DENVER, Oct. 13, 1998 — At its Professional Developers Conference today, Microsoft Corp. demonstrated the latest Extensible Markup Language (XML) technologies it will add to Microsoft® Internet Explorer 5 and the Windows® operating system, including XML 1.0, XSL, XML DOM and XML Namespaces. With these new technologies, Microsoft becomes the first major software vendor whose browser incorporates support for many of the latest XML specifications coming out of the World Wide Web Consortium (W3C). Now, the integration of these XML technologies into the Windows platform promises to make designing multitier applications for heterogeneous information systems faster and easier than ever.
“Microsoft provides the most complete XML implementation in the industry,”
said Ben Meiry, director, private client architecture group at Merrill Lynch & Co. Inc., which is using XML to improve development time, usability, data mining and software distribution.
“We’re excited about Microsoft’s leadership on XML. This gives users, programmers and IT shops the ability to start planning, building and demonstrating real-world XML solutions. They can start preparing themselves for a future in which XML will be the standard language of data.”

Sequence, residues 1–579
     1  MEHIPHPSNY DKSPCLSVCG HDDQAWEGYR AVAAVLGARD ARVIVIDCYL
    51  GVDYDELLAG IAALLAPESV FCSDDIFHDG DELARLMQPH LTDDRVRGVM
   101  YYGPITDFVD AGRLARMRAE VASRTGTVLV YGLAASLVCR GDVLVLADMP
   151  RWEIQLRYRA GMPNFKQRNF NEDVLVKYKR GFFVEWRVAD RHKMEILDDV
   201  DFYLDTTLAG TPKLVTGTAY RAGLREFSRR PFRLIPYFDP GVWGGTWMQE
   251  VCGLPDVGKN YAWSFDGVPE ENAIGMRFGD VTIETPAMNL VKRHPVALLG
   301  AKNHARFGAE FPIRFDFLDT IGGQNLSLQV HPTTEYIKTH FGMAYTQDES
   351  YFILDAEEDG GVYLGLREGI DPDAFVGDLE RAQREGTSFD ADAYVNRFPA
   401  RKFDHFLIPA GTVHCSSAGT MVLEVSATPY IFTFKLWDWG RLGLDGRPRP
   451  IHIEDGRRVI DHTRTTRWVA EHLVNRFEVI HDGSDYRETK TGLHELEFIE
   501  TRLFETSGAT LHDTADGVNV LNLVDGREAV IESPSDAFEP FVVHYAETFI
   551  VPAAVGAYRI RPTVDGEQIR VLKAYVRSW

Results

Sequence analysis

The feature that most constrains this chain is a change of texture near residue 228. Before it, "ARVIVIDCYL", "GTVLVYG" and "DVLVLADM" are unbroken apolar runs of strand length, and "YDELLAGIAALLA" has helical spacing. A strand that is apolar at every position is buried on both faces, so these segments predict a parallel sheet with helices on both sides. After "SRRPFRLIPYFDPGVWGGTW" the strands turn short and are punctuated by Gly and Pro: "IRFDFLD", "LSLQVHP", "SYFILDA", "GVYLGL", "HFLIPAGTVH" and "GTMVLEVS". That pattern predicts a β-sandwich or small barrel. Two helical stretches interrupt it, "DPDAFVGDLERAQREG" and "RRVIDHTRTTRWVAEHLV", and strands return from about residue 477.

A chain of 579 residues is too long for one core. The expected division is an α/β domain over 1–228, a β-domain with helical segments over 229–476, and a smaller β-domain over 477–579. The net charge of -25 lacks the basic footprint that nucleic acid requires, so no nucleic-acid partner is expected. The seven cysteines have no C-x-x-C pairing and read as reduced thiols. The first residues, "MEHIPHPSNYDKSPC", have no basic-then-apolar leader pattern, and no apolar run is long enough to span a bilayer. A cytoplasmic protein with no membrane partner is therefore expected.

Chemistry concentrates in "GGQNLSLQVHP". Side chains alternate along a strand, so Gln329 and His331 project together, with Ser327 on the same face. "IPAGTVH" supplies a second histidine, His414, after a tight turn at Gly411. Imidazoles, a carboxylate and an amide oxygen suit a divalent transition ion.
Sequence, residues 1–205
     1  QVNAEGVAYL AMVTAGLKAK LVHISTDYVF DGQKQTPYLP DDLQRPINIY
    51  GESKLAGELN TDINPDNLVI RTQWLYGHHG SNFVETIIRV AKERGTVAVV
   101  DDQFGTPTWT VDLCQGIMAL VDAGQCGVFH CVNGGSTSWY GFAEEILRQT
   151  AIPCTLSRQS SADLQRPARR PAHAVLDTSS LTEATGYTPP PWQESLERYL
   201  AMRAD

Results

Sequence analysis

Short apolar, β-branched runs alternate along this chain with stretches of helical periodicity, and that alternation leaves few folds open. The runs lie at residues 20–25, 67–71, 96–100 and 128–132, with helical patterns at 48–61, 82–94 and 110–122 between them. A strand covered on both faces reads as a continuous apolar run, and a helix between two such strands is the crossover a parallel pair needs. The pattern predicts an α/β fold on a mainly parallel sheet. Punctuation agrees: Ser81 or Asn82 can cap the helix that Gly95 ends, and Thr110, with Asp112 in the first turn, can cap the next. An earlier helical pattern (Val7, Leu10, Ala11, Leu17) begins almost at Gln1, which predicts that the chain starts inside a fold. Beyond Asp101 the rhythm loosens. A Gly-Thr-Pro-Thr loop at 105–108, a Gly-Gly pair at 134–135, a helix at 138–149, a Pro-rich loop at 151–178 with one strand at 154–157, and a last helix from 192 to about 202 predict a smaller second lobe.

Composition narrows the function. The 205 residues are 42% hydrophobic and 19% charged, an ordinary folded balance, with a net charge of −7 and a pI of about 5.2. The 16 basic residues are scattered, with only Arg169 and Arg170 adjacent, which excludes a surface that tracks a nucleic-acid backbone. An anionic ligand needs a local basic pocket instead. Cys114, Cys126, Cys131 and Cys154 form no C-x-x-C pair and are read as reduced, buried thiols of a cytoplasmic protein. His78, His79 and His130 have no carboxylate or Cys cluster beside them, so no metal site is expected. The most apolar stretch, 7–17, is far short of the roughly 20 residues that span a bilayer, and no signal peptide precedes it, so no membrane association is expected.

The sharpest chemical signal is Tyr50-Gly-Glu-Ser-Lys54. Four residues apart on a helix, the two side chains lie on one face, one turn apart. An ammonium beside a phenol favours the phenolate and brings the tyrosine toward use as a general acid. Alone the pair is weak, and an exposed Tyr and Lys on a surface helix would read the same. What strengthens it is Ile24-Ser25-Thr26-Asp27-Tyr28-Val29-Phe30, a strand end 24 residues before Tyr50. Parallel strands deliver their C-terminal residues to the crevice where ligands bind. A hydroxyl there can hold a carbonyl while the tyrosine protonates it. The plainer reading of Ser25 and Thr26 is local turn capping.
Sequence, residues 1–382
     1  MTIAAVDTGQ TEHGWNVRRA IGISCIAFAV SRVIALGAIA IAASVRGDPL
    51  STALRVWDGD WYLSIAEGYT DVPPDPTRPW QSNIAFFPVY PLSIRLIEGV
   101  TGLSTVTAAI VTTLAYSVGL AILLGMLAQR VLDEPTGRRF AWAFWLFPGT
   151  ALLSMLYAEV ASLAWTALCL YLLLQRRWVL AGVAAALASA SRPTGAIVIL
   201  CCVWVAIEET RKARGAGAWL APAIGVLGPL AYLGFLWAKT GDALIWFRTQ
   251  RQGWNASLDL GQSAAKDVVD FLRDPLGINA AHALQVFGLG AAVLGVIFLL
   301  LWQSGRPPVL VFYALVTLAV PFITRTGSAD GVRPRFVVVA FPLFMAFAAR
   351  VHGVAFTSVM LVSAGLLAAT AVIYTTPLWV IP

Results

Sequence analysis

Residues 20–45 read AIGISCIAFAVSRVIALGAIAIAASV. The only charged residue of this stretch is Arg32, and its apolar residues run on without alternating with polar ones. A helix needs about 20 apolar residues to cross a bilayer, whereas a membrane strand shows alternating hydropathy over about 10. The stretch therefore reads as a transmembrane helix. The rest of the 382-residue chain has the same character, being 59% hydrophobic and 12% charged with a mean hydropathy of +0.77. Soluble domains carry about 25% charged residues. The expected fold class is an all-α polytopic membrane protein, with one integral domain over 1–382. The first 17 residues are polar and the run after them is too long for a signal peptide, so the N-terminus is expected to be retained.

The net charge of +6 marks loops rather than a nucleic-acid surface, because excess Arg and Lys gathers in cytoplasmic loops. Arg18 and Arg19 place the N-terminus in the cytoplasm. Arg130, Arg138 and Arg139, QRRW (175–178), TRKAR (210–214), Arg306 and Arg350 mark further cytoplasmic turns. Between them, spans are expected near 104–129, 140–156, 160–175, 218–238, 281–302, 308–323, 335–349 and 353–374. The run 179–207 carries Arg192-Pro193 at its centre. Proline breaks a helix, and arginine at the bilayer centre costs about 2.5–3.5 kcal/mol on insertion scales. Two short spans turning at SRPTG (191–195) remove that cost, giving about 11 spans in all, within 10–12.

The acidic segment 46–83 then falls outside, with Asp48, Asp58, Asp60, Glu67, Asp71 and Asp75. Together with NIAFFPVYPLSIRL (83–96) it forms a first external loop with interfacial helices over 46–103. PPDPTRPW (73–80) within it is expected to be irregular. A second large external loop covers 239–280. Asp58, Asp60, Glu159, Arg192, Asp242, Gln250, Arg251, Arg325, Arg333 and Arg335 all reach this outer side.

Microsoft Leading the XML Charge
Microsoft is actively involved in defining the emerging XML standard and will continue to implement XML as defined by the World Wide Web Consortium. W3C is a platform- and vendor-neutral global organization that oversees standardization of World Wide Web technologies, including XML. A co-founder of the W3C’s XML Working Group, Microsoft enjoys broad support for its efforts from many participants in the open W3C process.
“XML holds great promise for customers who need universal data communications with anyone, anywhere,”
said J. Allard, general manager of Windows DNA infrastructure at Microsoft.
“XML is an important part of Windows DNA, and Microsoft is committed to offering the industry’s best XML technologies with Windows.”
Microsoft will support the following key features in the next update to the Windows operating system and its Internet Explorer browsing software:
In addition to these innovations, Microsoft is using XML in its applications software. For example, the next major release of the Microsoft productivity suite, Microsoft Office 2000, elevates HTML to a companion file format and uses XML to store additional document information. By using XML in this way, Office 2000 users can save documents as Web pages and then later return these documents to their original Office state for editing. Once again, Microsoft is delivering XML technology first, making Windows the premier platform for driving Internet standards and interoperable applications.
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